- The Canadian Organic Standards actually does allow GMOs in some Canadian organic production, including the routine usage of a milk-curdling enzyme made from genetically modified E. coli in making organic cheese. There are indeed exceptions to the organic rules.
- Both conventional and organic farming share many eco-friendly and sustainability practices such as cover crops and rotations to minimize soil erosion and fertility. Some believe that only organic farmers are using these practices, but the Ontario Ministry of Agriculture and Food (OMAF) recommends 30 per cent residue to be left on the soil to control erosion. OMAF also highly recommends using IPM (integrated pest management) so that conventional farms use only the bare minimum of pesticides and only in areas of the field that need it -- soil testing tells farmers which areas of the field need which kind of fertilizer and how much to use. Farming has become very precise in application so as to avoid over using products, to save costs, and to cause less impact to the environment and beneficial agricultural organisms (i.e. bees).- Don't trust labels blindly. Here is what certain labels actually mean:
- 100 per cent organic: Product must contain 100 per cent organic ingredients.
- Organic: At least 95 per cent of ingredients are organically produced.
- Made with Organic ingredients: At least 70 per cent of ingredients are organic.
- Free-range or Free-roaming: Essentially meaningless.
- Natural or All natural: Meaningless.
- Antibiotic-free: Meaningless.
No matter what kind of food you consume, there are inherent risks with crops and meat from both organic and conventional systems. In the end, it comes down to personal choice. Personally, I see no need to buy organic eggs or chicken, but I'm going to try to eat local grass-fed beef whenever possible. Regarding produce, I'm far more comfortable with the lower microbial risk of conventional farming; there simply isn't a big enough difference here to for me to justify the consumption of organic fruits and veggies -- my goal is to get everything as local as possible. As time marches on, both farming systems will evolve and eventually hopefully we can find a way to incorporate the best of both worlds to make efficient and effective farming practices that work for society and farmers alike.
For those interested in reading more about Ontario farming practices, I highly recommend reading The Real Dirt on Farming II, a document created by Farm and Food Care Ontario. This will give you additional insight into the farming practices in this province and help answer any other questions that you may have.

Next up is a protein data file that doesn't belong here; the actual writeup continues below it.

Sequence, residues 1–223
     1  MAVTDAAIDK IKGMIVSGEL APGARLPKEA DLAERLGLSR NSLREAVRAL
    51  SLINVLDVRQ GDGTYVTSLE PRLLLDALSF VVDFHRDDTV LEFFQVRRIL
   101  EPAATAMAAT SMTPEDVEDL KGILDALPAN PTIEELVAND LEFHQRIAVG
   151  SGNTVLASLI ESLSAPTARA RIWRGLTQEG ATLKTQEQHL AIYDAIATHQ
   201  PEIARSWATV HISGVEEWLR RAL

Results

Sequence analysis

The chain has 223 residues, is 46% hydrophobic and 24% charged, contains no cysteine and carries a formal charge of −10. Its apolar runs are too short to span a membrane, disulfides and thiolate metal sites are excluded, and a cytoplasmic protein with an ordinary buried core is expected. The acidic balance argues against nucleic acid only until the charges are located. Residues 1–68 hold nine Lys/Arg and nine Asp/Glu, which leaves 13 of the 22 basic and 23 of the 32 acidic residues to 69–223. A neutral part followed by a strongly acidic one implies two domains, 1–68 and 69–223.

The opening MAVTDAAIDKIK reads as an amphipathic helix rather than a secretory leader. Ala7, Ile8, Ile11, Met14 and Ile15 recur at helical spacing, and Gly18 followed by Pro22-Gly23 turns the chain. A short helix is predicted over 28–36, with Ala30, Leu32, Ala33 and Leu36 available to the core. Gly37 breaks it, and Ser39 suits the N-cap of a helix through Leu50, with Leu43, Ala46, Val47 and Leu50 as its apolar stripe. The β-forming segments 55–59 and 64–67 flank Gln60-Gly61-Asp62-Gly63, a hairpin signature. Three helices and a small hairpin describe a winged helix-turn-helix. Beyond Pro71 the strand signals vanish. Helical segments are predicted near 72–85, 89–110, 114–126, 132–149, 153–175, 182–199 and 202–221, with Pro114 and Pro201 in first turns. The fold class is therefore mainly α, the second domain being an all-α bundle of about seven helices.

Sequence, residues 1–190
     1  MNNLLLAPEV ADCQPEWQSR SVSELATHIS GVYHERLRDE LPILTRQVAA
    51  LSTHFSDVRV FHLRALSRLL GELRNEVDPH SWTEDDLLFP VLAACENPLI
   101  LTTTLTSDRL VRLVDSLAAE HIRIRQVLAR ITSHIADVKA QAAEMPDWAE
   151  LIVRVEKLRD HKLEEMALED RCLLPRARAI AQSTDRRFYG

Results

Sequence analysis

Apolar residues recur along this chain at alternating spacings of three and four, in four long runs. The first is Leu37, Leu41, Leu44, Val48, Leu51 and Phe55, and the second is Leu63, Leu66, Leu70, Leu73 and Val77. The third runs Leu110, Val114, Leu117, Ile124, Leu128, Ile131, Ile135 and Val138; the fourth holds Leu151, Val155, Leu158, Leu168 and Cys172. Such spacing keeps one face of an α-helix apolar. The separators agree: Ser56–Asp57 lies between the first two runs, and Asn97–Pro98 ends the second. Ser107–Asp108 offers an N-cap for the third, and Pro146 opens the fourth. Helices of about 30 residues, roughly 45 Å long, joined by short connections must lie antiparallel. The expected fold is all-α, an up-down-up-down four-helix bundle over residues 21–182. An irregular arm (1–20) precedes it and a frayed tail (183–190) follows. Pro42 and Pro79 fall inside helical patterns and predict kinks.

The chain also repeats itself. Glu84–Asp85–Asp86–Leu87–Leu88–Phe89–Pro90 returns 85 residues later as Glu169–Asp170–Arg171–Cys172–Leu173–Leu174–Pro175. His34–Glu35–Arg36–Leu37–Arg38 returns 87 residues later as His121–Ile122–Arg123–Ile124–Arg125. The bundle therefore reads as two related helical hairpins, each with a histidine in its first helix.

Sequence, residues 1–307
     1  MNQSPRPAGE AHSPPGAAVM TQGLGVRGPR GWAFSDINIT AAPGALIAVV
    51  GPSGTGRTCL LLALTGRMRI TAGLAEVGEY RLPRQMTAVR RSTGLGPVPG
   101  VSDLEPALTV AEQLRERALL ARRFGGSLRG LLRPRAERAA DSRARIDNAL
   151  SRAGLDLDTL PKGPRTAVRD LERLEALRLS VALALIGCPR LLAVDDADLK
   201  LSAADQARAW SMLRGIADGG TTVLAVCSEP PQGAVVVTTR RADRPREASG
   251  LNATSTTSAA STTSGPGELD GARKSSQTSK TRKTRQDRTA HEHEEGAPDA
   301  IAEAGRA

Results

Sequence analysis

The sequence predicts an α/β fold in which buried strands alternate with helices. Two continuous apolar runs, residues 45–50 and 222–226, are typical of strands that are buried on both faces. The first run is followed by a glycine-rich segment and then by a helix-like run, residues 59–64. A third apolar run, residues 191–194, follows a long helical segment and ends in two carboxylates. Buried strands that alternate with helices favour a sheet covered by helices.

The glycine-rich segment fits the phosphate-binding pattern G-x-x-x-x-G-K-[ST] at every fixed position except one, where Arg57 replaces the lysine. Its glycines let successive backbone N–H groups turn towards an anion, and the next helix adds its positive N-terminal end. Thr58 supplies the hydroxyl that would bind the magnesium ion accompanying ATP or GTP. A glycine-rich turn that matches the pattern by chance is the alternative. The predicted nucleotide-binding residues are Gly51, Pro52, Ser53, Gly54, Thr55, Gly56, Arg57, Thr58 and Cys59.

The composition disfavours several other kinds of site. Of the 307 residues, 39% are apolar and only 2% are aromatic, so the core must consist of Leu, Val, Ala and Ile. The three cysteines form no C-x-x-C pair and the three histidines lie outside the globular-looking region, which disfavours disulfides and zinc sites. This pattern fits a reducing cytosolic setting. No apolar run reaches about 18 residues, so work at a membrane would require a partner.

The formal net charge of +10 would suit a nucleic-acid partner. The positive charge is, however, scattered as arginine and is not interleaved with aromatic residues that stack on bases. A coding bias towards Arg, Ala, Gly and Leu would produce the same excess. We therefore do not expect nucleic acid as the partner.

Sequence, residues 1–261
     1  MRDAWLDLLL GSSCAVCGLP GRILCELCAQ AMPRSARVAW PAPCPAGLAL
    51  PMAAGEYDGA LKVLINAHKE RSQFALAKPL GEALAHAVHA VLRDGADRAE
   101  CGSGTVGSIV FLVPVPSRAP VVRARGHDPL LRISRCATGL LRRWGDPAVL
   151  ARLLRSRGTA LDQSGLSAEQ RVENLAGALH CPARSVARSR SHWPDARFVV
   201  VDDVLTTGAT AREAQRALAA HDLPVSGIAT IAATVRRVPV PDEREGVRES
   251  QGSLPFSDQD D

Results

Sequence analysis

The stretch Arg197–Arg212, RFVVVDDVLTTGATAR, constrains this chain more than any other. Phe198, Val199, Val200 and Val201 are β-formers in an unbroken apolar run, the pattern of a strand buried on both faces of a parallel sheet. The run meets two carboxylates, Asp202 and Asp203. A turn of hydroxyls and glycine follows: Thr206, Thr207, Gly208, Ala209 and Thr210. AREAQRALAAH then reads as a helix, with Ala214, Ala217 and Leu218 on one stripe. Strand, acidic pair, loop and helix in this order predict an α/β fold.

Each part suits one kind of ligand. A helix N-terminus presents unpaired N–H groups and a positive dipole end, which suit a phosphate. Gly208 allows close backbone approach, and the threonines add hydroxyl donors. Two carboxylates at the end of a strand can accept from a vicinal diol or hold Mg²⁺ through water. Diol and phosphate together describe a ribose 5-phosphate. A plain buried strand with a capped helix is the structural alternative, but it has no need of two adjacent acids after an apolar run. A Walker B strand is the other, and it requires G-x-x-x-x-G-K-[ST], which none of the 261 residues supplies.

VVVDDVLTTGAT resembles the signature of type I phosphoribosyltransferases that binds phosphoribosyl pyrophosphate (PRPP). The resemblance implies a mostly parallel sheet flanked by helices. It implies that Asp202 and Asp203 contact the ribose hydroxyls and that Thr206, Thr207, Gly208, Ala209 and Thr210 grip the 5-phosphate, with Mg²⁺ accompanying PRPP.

ALSO ON HUFFPOST:
Thanks to their thick, scaly skin, the pesticides used on avocados don't make their way into the flesh we love in guacamole, in salads, or pretty much on anything.
The husk of the corn keeps pesticide levels low. However, many proponents of clean eating note that GMO corn is not marked, and if that is a concern to you, buying organic for this product might be a good idea.
Not a lot of pesticides are getting through the rather intense shell of the pineapple — heck, even we have difficult cutting in.
You can buy non-organic mangos without a worry, but be sure to wash the fruit carefully before eating anyway.
For the ambitious who love to shell their own peas, you can blissfully buy the non-organic sort (but for a shortcut in the kitchen, we definitely suggest the frozen kind).
As asparagus doesn't attract many insects, fewer pesticides are used on the veggie, so feel free to pluck it from the non-organic aisle.
That thick brown skin doesn't only work as a useful shell to keep from getting juice all over you, but also protects the delicious skin inside from pesticides.
Although the leaves of cabbage can be used in full, the plant is not sprayed heavily with pesticides.
Eggplant is actually one of the veggies with the higher percentage of pesticide on the 'clean' list, but if non-organic is your only option, you can feel fine buying eggplant grown conventionally.
That's a hard shell cantaloupes boast, so non-organic is fine for this melon. To err on the side of caution, though, you might want to avoid cantaloupes from Mexico, where they can be heavily sprayed by pesticides.
The same advice applies to watermelon — you aren't eating the rind (we hope), so pick one up wherever you'd like. Just be sure to wash the outside before cutting into it and eating.
A burst of citrus can be lovely at the beginning (or end) of your day, and rest assured you're fine to buy these thick-skinned fruits in the non-organic aisle.
Though potatoes show up on the 'dirty dozen' list of what to buy organic, sweet potatoes actually have far fewer pesticides and are fine to buy non-organic.
Thanks to their many layers of skin, onions (even the sweet kind) don't get attacked by pests, and therefore, aren't sprayed with as many pesticides.
Just like their sweet cousins, the lack of pesticides on onions can be attributed to insects' disinterest. As a staple of so many cooked dishes, we're happy to report you can pick up onions anywhere.